A few links that may be of interest:
Russia’s Anchar-Class Submarine Unbelievably Fast—And Earsplittingly Loud | The National Interest

Navy Pursues Large Undersea Attack Drones | The National Interest
Subs From Down Under: Meet Australia’s Collins-Class Submarine | The National Interest
Saab Awarded Contract to Expand Capabilities of A26 Blekinge-class Submarines - Naval News
What’s the real cost of Australia’s submarine capability? | The Strategist
Thanks to Buck Singh for your input
So I was walking through Bankstown and I saw that there was a ‘Muslim Book Store’.
I was wondering what exactly was in a Muslim Bookstore, so I went in.
As I was wondering around taking a look, the clerk stopped me and asked if he could help me.
I imagine I didn’t look like his normal clientele so I asked, “Do you have a copy of Pauline Hanson’s book on the Australian Immigration Policy regarding Muslims and Nigerians?”
The clerk said, “Fuckoff, get out and stay out!”
I said, “Yes, that’s the one.  “Do you have it in paperback?”
Navy plan to put flippers on submarines as it explores 'evolutionary biomechanics' to power vessels 
China military watch | The Strategist
Germany’s Foray into the Seas: The Type 212A Stealth Submarine | The National Interest
Some tune out at this point and choose not to be amused, so those that do please follow the link. There is a good one on Ovens and Otama (pretty long) accompanied by our members submissions. Many have nothing to do in this shitty period of time and flood me with submissions, and for that is appreciated. Why the hell not, have a laugh.
Proper Grammar
We can all use a little “grammar” update now and then so here's one for today . . .
No English dictionary has been able to adequately explain the difference between two words:
Is it “complete" or “finished,” or should it be “completely finished?"

In a recent linguistic competition held in London and attended by, supposedly, the best in the world.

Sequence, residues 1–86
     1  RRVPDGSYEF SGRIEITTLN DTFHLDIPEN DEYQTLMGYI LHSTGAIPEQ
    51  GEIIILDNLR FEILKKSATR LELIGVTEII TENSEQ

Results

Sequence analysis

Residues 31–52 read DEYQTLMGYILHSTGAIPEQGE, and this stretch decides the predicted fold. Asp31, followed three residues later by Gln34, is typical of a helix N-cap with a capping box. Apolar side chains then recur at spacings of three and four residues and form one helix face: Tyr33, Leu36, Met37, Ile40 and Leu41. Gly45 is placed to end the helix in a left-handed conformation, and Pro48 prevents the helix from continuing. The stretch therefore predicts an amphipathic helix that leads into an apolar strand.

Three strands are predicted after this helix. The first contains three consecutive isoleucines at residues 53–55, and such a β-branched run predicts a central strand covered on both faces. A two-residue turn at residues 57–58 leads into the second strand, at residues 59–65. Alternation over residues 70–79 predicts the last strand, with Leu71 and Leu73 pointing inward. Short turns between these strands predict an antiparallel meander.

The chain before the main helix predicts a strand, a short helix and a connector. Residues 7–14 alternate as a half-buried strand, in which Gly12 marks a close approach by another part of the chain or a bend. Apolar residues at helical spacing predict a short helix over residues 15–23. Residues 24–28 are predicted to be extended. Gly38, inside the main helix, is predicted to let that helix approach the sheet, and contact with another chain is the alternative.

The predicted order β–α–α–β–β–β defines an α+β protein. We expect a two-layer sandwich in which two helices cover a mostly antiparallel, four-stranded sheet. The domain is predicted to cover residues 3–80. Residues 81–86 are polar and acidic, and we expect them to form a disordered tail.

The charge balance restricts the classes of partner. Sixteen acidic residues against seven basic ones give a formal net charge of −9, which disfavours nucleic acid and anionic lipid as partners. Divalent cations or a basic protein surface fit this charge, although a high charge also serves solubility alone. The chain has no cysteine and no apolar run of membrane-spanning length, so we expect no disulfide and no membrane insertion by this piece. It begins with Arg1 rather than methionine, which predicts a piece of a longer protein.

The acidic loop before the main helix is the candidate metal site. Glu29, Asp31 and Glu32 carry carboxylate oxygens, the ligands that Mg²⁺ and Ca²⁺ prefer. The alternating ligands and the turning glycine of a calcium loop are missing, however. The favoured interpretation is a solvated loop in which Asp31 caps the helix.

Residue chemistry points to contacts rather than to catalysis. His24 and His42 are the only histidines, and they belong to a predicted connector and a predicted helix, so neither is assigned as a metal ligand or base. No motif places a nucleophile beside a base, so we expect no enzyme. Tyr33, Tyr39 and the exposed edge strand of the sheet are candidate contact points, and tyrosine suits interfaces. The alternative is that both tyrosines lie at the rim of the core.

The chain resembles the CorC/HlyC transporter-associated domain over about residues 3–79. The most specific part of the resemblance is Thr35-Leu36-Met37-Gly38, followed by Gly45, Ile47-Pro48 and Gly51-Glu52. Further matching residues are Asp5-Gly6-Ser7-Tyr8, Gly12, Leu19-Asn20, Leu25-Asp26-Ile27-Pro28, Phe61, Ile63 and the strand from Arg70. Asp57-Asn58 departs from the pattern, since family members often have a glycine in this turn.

Samdar Balgobin, a Guyanese man, was the clear winner with a standing ovation which lasted over 5 minutes.

The final question was:
"How do you explain the difference between COMPLETE and FINISHED in a way that is easy to understand?
Some people say there is no difference between COMPLETE and FINISHED."

Here is his astute answer:
“When you marry the right woman, you are COMPLETE. When you marry the wrong woman, you are FINISHED.
And when the right one catches you with the wrong one, you are COMPLETELY FINISHED!”

He won a trip around the world and a case of 25-year-old Scotch!
An old doco about HMAS Ovens. It is near on 45 minutes long but is guaranteed to bring back memories.



A Defence Lawyer for the Prosecution Doing His Job


A motorcycle police officer stops a driver for shooting through a red light.
The driver is a real bastard, steps out of his car and comes striding toward the officer,
demanding to know why he is being harassed by the Gestapo!

So the officer calmly tells him of the red light violation.
The motorist instantly goes on a tirade, questioning the officer's ancestry, sexual orientation, etc   in rather explicit offensive terms.

The tirade goes on without the officer saying anything.

When the officer finishes writing the ticket he puts an "AH" in the lower right corner of the
narrative portion of the ticket.
He then hands it to  the 'violator' for his signature.
The bloke signs the ticket angrily, and when presented with his copy points to the "AH" and
demands to know what it stands for.

The officer says,

"That's so when we go to court, I'll remember that you're an Arse Hole!"

Two months later they're in court. The 'violator' has a bad driving record with a high number
of points and is in danger of losing his licence, so he hired a big gun lawyer to represent him.

On the stand the officer testifies to seeing the man run through the red light.

Under cross examination the defence attorney asks; "Officer is this a reasonable facsimile
of the ticket that you issued to my client?"

Officer responds, "Yes, sir, that is the defendant's copy, his signature and mine, same number at the top."

Lawyer: "Officer, is there any particular marking or notation on this ticket you don't normally make?"

"Yes, sir, in the lower right corner of the narrative there is an "AH" underlined."

"What does the "AH" stand for, officer?"

"Aggressive and Hostile, Sir."

"Aggressive and Hostile?"

"Yes, Sir.

"Officer, Are you sure it doesn't stand for Arse Hole?"

Well, Sir,..... You'd know your client better than I do.

~~~~ How often can one get a lawyer to convict his own client ~~~~





More at the Link ( and may all the Dads out there have a wonderful Father’s Day (as much as you can) and in most circumstances, guess it will be take away this year (again).
Finally, appropriate that we remember the devastation caused in the US on the 9th of September 2001 and our hearts go out to the Families to those who were lost. May they rest in Peace.

Shut and Clipped for this week

Yours Aye 
Greg Jones #6
0432 559 283